Faculté des sciences

Polyploidy in phenotypic space and invasion context: a morphometric study of Centraurea stoebe s.l.

Mráz, Patrik ; Bourchier, Robert S. ; Treier, Urs A. ; Schaffner, Urs ; Müller-Schärer, Heinz

In: International Journal of Plant Sciences, 2011, vol. 172, no. 3, p. 386–402

The taxonomy of the Centaurea stoebe complex is controversial. Diploid and tetraploid plants occur in its native European range, but to date only tetraploids have been recorded from its introduced range in North America. We examined morphological differentiation of C. stoebe using multivariate and univariate approaches to clarify the taxonomic status of the known cytotypes. We measured more than... Plus

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    Summary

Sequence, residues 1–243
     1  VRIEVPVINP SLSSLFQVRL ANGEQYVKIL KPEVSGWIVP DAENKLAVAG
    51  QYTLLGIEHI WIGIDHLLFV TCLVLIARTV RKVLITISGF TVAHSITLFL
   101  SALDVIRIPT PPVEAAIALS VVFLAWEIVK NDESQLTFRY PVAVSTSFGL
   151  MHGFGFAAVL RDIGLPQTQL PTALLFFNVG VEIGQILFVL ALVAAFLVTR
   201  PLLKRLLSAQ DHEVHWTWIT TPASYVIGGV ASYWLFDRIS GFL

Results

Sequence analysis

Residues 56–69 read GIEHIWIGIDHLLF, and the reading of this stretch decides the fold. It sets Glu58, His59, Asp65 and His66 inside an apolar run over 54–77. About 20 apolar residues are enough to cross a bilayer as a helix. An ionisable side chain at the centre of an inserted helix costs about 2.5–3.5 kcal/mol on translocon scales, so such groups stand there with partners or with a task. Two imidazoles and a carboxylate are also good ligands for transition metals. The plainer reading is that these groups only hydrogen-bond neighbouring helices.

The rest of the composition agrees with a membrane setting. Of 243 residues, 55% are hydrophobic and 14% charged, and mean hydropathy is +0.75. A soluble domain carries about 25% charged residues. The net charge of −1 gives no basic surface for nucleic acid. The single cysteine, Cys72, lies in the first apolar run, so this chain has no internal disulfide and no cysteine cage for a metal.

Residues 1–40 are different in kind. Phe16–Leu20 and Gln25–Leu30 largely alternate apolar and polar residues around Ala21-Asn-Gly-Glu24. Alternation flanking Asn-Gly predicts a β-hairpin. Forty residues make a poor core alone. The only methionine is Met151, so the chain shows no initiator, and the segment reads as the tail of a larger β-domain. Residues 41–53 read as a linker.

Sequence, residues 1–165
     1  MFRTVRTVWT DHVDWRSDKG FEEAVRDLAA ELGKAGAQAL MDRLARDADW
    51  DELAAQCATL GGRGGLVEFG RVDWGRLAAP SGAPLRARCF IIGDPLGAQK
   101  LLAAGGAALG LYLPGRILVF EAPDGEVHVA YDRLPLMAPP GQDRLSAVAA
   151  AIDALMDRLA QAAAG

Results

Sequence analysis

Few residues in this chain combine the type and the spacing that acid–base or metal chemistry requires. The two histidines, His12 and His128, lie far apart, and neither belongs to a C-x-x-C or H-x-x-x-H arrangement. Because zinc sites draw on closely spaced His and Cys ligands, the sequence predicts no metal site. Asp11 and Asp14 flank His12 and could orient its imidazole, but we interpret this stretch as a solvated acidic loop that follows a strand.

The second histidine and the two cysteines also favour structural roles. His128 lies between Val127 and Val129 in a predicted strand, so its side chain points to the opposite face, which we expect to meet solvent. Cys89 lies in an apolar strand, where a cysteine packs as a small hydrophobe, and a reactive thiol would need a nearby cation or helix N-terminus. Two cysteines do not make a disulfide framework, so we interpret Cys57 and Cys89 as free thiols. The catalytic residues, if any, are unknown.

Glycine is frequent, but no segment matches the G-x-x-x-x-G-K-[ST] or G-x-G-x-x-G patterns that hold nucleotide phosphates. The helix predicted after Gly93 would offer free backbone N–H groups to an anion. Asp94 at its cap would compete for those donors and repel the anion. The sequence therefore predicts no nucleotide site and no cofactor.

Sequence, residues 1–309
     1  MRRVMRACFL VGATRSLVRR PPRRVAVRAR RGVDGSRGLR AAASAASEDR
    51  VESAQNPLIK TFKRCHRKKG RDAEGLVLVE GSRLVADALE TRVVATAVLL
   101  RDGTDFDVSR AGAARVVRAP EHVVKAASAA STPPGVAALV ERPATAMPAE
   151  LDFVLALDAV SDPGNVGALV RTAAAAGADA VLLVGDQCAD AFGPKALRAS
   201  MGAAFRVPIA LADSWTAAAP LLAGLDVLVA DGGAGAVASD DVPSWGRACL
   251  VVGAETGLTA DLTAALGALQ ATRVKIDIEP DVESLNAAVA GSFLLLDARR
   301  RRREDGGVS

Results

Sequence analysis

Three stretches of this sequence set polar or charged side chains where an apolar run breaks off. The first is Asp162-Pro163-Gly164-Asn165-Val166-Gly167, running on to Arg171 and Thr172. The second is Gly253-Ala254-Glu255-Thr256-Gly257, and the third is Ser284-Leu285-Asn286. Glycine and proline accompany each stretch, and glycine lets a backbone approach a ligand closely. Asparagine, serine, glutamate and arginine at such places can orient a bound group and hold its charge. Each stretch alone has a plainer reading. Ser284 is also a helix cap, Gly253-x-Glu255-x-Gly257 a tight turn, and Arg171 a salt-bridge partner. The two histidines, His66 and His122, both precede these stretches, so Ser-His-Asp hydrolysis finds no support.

The taxonomy of the Centaurea stoebe complex is controversial. Diploid and tetraploid plants occur in its native European range, but to date only tetraploids have been recorded from its introduced range in North America. We examined morphological differentiation of C. stoebe using multivariate and univariate approaches to clarify the taxonomic status of the known cytotypes. We measured more than 40 morphological traits on plants originating from 78 populations, grown from seed under uniform glasshouse conditions. The ploidy of almost 300 plants from 2 native and 20 introduced populations from Canada was assessed to test for the absence of diploids from North America. Finally, we explored whether postintroduction processes have resulted in phenotypic changes in introduced plants which may have contributed to the invasion success of C. stoebe. Morphometric analyses showed a clear separation of 2x and 4x plants and thus supported recognition of both cytotypes as separate taxa. Differences in the life cycle, the number of florets, the shape of capitula, and the shape of young rosette leaves were the best discriminant characters. Only minor differences were found between native and introduced tetraploids. All plants from the introduced range except for one hexaploid were found to be tetraploid. Rare diploids from Canada were identified as Centaurea diffusa or Centaurea psamogenna.